The book of Jonah

According to extra-biblical sources, Jonah was a disciple of Elisha and was his successor. His mother was possibly the widow of Sarepta, which Elijah brought to life, and he grew up in a town called Gath-hepeher, about a half and hour walk from Nazareth.

Jonah was a famous statesman who lived at the time of Jeroboam II of Israel and helped to make it powerful and prosperous.

The Lord Jesus made the book of Jonah very important. When he was asked for a sign to prove his claims he said that only the sign of Jonah would be given (Matthew 12:38-40). Interestingly, the internal evidence of the book suggests that our Sunday School teachers should be teaching that Jonah died. It says he sank to the bottom of the sea and weeds entangled him. This would also be the reason Jonah was Jesus’ sign – it points to death and resurrection.

Unfortunately, the last few years have been riddled with scientists trying to understand what kind of fish could have swallowed Jonah. We don’t need science to prove this story, however. Instead we need to hear God talking with us through the timeless teaching found here. There are many important lessons in the book. As with all of our Old Testament books, knowledge of the background makes the account come alive and helps us extract the teaching.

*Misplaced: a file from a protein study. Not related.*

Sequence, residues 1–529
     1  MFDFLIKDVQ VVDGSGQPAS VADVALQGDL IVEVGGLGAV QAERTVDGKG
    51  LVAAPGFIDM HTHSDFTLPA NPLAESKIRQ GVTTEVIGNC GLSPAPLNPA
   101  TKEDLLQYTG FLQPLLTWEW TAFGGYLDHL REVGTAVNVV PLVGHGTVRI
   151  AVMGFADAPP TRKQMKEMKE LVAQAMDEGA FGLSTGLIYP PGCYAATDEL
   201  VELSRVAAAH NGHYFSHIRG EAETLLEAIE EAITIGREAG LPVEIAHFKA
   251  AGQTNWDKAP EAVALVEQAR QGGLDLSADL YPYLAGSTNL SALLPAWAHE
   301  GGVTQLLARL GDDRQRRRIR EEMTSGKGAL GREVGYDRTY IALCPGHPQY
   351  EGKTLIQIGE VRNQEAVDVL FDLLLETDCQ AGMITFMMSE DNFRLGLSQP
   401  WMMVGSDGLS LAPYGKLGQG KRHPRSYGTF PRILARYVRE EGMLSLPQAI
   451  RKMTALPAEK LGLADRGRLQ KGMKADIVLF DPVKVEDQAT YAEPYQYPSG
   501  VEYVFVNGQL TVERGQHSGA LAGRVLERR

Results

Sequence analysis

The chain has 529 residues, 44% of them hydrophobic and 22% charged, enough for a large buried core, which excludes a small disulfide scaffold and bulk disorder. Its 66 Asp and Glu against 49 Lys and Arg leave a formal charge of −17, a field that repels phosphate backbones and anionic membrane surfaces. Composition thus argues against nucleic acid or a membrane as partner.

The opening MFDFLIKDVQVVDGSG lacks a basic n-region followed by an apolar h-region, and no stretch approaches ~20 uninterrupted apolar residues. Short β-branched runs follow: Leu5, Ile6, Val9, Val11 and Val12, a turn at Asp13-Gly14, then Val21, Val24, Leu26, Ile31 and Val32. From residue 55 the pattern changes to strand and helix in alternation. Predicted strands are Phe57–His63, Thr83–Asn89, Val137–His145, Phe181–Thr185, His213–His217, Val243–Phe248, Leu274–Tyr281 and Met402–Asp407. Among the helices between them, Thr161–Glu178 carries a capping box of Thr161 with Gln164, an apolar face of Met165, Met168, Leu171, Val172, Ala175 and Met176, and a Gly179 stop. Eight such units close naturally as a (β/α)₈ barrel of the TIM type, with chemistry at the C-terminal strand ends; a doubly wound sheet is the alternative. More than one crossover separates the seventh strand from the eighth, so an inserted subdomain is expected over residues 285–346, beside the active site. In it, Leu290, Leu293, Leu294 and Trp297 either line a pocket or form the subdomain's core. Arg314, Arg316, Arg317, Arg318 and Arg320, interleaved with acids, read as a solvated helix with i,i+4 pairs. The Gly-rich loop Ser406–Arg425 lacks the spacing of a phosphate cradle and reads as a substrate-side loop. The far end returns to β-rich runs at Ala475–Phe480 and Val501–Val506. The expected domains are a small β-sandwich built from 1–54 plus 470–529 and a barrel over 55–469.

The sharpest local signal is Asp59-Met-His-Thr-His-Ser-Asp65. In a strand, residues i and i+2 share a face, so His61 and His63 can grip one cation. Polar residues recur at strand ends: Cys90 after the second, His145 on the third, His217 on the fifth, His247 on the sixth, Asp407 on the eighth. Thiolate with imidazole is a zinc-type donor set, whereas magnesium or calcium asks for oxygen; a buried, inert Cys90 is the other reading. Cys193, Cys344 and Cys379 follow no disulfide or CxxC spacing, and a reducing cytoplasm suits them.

We are told that Jonah is told to go to Nineveh and call them to repent. Jonah flees. Nineveh was one of the greatest cities of the ancient world. It was the capital of the Assyrian Empire. The sheer scale and magnificence of it was only dwarfed by the extent of its wickedness and lust for power and wealth. It was surrounded by immense walls  twelve kilometres in length, thirty meters high and fifteen meters thick enough for four chariots abreast. Every eighteen meters stood a monumental gateway. It was filled with palaces and beautiful gardens with seventy halls decorated in alabaster and sculpture.

Jonah flees to Tarshish. We are told why Jonah flees in chapter 4:2. Assyria was Israel’s dreaded enemy and it appears that at this point in time they were weakened in power. Jonah doesn’t want to go to Nineveh and call them to repent because they may be spared destruction. He wants Nineveh to be destroyed to protect his people of Israel from Assyria’s future attacks. He is thinking of his nation’s benefit. But he was wrong. This also explains his otherwise puzzling depressing thoughts at the end of the prose. Jonah didn’t think mercy triumphed over judgement.

God didn’t let Jonah go. Through a series of circumstances Jonah finds himself preaching in the streets of Nineveh. The common people turn first and then the nobles. It is like Johannesburg turning to God because of the preaching of one person! It was a sheer miracle.

We learn in the book about God’s compassion towards non-believers. God’s interaction with Jonah is filled with a sense of God’s long-suffering and willingness to persevere with mere people.

Apply the principles of interpretation to dig into Jonah. Dig, ask questions, ask what is the teaching here? Why is this book in the Bible? What lessons did Jonah learn? What does this mean about God and about me?

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